As for selfie lovers, the front camera should offer plenty of options. The ‘Selfie angle’ on the phablet has been bumped up to 90 degrees, and there is also a wide selfie mode with a 120 degree viewing angle that lets you include just about everyone you want your group selfie. To make it simpler to click a selfie, you can either use the fingerprint scanner on the front, or the heartbeat sensor at the back as the shutter button.
As far as the UI is concerned, the look and feel is quite similar to what you get with the Galaxy S5. But what separates it from the Galaxy S5 are the bunch of features that enhance user experience and productivity. For many, using a big phone may be an issue, but Samsung has included a one-handed mode, which shrinks the homescreen making it easy to use with one hand.
Multi-tasking too has been improved on the Galaxy Note 4, which now offers a PC-like experience. So essentially different windows can be minimized, and they appear as small icons. You will be able to change the size and positioning of apps on the screen to make full use of the large display.
There is also an improved S Note app, which turns your phablet into a notebook of sorts. You can choose from around 18 templates and use the stylus to write. Additionally, there is a feature called the photo note camera. This lets you click a photo of any text, which is then converted into digital text that can be edited as well.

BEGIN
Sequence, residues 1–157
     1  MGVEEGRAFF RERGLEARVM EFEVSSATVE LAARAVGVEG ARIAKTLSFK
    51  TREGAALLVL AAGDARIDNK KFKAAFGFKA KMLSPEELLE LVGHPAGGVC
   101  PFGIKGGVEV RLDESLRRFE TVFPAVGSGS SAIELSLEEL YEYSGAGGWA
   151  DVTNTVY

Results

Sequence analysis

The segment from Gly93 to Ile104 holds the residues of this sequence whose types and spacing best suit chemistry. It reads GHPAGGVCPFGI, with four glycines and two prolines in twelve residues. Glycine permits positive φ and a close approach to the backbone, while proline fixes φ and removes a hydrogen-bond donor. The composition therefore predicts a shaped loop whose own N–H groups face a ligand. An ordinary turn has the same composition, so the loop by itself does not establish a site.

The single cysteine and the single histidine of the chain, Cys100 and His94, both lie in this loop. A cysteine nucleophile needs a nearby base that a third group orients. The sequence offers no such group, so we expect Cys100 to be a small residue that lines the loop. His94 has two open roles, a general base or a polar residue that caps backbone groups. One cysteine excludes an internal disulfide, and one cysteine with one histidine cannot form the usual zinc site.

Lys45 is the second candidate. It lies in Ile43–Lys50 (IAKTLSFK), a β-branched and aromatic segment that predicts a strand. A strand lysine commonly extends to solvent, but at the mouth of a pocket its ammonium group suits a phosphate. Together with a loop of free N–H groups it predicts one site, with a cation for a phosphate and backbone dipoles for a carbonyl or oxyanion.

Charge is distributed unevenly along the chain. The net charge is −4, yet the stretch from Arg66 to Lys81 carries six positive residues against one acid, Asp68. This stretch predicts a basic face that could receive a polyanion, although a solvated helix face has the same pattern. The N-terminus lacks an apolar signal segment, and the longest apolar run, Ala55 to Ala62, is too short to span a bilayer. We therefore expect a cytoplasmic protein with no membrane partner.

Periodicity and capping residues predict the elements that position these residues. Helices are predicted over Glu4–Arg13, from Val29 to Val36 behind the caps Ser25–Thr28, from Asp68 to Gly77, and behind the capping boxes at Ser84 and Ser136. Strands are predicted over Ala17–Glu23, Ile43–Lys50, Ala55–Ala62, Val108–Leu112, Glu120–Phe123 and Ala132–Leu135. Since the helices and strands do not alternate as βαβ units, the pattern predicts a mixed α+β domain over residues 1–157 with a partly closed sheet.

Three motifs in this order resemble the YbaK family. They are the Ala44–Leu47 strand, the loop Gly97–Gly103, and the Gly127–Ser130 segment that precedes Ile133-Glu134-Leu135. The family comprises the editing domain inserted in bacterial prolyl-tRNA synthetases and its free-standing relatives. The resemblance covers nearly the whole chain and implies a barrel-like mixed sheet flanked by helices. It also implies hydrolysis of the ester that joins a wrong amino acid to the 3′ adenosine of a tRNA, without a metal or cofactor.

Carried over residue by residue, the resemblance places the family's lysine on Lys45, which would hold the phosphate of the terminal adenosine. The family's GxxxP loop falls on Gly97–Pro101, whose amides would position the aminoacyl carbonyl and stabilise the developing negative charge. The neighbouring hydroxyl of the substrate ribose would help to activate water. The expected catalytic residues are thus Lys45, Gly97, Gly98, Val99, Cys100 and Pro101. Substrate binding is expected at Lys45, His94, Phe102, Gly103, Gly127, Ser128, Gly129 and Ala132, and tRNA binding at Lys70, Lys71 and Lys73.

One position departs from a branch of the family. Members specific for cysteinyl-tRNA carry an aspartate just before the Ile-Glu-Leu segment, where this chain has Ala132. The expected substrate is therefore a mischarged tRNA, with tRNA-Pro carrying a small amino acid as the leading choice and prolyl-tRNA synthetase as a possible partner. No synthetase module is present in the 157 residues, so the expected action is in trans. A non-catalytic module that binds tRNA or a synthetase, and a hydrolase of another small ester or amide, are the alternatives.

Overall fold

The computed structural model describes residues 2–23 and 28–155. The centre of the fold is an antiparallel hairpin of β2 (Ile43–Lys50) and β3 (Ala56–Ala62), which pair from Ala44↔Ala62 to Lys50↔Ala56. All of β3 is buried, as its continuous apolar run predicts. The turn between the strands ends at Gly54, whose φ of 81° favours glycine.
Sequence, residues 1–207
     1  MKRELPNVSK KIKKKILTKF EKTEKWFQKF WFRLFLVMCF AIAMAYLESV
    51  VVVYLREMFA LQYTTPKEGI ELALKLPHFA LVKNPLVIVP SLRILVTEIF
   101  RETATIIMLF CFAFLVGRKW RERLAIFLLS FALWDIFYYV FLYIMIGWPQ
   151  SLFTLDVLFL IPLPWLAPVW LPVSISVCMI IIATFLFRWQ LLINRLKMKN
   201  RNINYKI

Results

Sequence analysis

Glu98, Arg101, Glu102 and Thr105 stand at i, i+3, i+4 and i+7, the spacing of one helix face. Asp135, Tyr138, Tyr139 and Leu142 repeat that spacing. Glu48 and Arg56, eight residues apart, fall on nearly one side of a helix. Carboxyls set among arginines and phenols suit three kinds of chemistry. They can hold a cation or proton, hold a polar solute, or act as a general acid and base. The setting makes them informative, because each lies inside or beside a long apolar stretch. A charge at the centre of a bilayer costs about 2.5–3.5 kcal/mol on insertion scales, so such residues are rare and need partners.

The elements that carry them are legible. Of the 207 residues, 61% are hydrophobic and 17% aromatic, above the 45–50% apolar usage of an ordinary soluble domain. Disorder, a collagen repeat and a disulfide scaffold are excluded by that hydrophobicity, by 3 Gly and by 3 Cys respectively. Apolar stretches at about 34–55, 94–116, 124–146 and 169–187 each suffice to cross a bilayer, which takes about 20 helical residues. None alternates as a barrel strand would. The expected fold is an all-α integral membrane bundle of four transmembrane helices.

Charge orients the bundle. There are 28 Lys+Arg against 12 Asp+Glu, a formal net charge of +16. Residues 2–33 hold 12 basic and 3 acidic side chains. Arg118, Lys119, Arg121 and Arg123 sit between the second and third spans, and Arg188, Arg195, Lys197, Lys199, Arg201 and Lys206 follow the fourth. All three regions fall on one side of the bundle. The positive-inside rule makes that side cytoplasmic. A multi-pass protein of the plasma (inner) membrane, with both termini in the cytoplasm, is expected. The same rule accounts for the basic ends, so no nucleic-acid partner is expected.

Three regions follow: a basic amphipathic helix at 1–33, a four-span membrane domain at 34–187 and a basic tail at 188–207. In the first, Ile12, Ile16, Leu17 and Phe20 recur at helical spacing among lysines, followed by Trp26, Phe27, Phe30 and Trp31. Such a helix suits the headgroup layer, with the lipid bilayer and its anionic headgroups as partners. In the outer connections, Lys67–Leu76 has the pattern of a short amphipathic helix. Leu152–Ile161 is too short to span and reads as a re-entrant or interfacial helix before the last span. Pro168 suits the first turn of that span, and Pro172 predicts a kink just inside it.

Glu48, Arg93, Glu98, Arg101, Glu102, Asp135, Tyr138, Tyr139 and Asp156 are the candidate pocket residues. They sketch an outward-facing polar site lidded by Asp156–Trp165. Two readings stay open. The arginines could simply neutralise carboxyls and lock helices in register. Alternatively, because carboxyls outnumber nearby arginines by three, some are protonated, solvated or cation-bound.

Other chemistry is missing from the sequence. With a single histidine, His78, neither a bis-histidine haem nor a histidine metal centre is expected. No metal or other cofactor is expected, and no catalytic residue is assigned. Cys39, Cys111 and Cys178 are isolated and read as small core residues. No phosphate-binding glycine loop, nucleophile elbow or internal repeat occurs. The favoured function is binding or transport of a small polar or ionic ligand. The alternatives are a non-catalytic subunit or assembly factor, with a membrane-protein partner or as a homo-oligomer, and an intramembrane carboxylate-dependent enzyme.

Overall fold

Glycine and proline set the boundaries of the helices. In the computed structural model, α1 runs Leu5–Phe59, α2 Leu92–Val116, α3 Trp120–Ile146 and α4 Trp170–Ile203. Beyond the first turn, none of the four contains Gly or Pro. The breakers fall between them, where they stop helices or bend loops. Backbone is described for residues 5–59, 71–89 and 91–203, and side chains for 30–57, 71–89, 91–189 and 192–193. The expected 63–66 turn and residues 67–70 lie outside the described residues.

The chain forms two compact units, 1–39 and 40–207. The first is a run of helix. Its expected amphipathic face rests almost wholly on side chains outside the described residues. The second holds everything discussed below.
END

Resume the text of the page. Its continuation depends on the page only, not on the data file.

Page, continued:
Samsung’s S Voice has been improved as well. There is an option to let the feature constantly listen to your voice, and the moment you give the command it will wake up. You can use the feature to perform different tasks including calling, texting, playing music, and opening an app, among others.
As we have said before, Samsung has also improved the voice recording functionality on the Galaxy Note 4. It now has three microphones (one on the front, and two at the bottom), and there are now two modes of voice recording — Meeting and Interview. In the first mode, you can tag up to eight people according to their direction, and selective playback lets you listen to a particular person’s voice in a group conversation. In the Interview mode you can suppress all ambient noise and only focus on the subject of the interview.
There is a heart rate monitor placed at the back, just below the rear camera. As the name suggests the feature can tell you your heart rate when you place your finger on the scanner. Samsung has also added an app called S Health, which essentially stores your health-related information. So the calories burnt, steps taken, kilometers cycled among others will be saved on the app. In addition to the heart rate monitor, there is also a fingerprint scanner integrated into the home button. Besides unlocking the phone, the scanner can also be used to sign in to particular websites, verifying Samsung accounts when purchasing content from Samsung’s services, and also link it to your PayPal account to make payments quickly without having to enter details every time you purchase something.